"It is even true. I will say it. Brother, bring a seat, andthereto what cheer ye have, withal. Now 'tis right."

  "Not quite, not wholly right. You have asked for one, not _us_--for one, not both; food for one, a seat for one."

  The king looked puzzled--he wasn't a very heavy weight, intellectually.His head was an hour-glass; it could stow an idea, but it had to doit a grain at a time, not the whole idea at once.

  "Would _you_ have a seat also--and sit?"

  "If I did not sit, the man would perceive that we were only pretendingto be equals--and playing the deception pretty poorly, too."

  "It is well and truly said! How wonderful is truth, come it inwhatsoever unexpected form it may! Yes, he must bring out seatsand food for both, and in serving us present not ewer and napkinwith more show of respect to the one than to the other."

  "And there is even yet a detail that needs correcting. He mustbring nothing outside; we will go in--in among the dirt, andpossibly other repulsive things,--and take the food with thehousehold, and after the fashion of the house, and all on equalterms, except the man be of the serf class; and finally, therewill be no ewer and no napkin, whether he be serf or free. Pleasewalk again, my liege. There--it is better--it is the best yet;but not perfect. The shoulders have known no ignobler burdenthan iron mail, and they will not stoop."

  "Give me, then, the bag. I will learn the spirit that goethwith burdens that have not honor. It is the spirit that stoopeththe shoulders, I ween, and not the weight; for armor is heavy,yet it is a proud burden, and a man standeth straight in it....Nay, but me no buts, offer me no objections. I will have the thing.Strap it upon my back."

  He was complete now with that knapsack on, and looked as littlelike a king as any man I had ever seen. But it was an obstinatepair of shoulders; they could not seem to learn the trick ofstooping with any sort of deceptive naturalness. The drill went on,I prompting and correcting:

  "Now, make believe you are in debt, and eaten up by relentlesscreditors; you are out of work--which is horse-shoeing, let ussay--and can get none; and your wife is sick, your children arecrying because they are hungry--"

  And so on, and so on. I drilled him as representing in turn allsorts of people out of luck and suffering dire privations andmisfortunes. But lord, it was only just words, words--they meantnothing in the world to him, I might just as well have whistled.Words realize nothing, vivify nothing to you, unless you havesuffered in your own person the thing which the words try todescribe. There are wise people who talk ever so knowingly andcomplacently about "the working classes," and satisfy themselvesthat a day's hard intellectual work is very much harder thana day's hard manual toil, and is righteously entitled to muchbigger pay. Why, they really think that, you know, because theyknow all about the one, but haven't tried the other. But I knowall about both; and so far as I am concerned, there isn't moneyenough in the universe to hire me to swing a pickaxe thirty days,but I will do the hardest kind of intellectual work for just asnear nothing as you can cipher it down--and I will be satisfied, too.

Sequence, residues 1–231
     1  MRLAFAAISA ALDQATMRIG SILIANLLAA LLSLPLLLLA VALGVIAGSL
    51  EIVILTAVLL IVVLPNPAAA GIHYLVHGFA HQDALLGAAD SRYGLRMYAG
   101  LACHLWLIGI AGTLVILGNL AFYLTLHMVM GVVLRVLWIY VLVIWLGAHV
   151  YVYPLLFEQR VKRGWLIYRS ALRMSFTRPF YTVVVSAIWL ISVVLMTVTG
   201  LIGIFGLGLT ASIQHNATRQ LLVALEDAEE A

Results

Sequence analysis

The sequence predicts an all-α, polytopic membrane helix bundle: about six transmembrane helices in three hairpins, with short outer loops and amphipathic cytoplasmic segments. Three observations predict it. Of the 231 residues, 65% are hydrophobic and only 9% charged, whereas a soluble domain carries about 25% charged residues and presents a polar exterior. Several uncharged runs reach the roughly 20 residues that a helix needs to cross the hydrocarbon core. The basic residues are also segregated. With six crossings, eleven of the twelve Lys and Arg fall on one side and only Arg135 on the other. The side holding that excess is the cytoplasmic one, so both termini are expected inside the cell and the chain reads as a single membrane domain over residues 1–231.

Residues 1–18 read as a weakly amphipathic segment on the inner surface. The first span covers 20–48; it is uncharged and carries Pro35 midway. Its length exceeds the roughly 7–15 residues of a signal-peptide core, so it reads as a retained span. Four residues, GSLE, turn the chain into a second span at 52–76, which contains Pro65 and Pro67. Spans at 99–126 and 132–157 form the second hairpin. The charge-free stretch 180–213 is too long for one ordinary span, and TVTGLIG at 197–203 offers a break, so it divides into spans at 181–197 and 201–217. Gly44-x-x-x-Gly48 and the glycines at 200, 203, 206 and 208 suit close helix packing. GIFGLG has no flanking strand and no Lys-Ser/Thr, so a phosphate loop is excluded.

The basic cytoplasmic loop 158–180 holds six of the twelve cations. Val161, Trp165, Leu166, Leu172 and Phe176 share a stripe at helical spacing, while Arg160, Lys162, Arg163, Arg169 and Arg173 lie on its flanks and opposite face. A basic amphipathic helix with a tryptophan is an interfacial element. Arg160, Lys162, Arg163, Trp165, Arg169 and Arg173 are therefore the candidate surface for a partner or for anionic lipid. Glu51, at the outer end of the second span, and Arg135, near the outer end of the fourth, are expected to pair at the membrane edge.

Intellectual "work" is misnamed; it is a pleasure, a dissipation,and is its own highest reward. The poorest paid architect,engineer, general, author, sculptor, painter, lecturer, advocate,legislator, actor, preacher, singer is constructively in heavenwhen he is at work; and as for the musician with the fiddle-bowin his hand who sits in the midst of a great orchestra with theebbing and flowing tides of divine sound washing over him--why,certainly, he is at work, if you wish to call it that, but lord,it's a sarcasm just the same. The law of work does seem utterlyunfair--but there it is, and nothing can change it: the higherthe pay in enjoyment the worker gets out of it, the higher shallbe his pay in cash, also. And it's also the very law of thosetransparent swindles, transmissible nobility and kingship.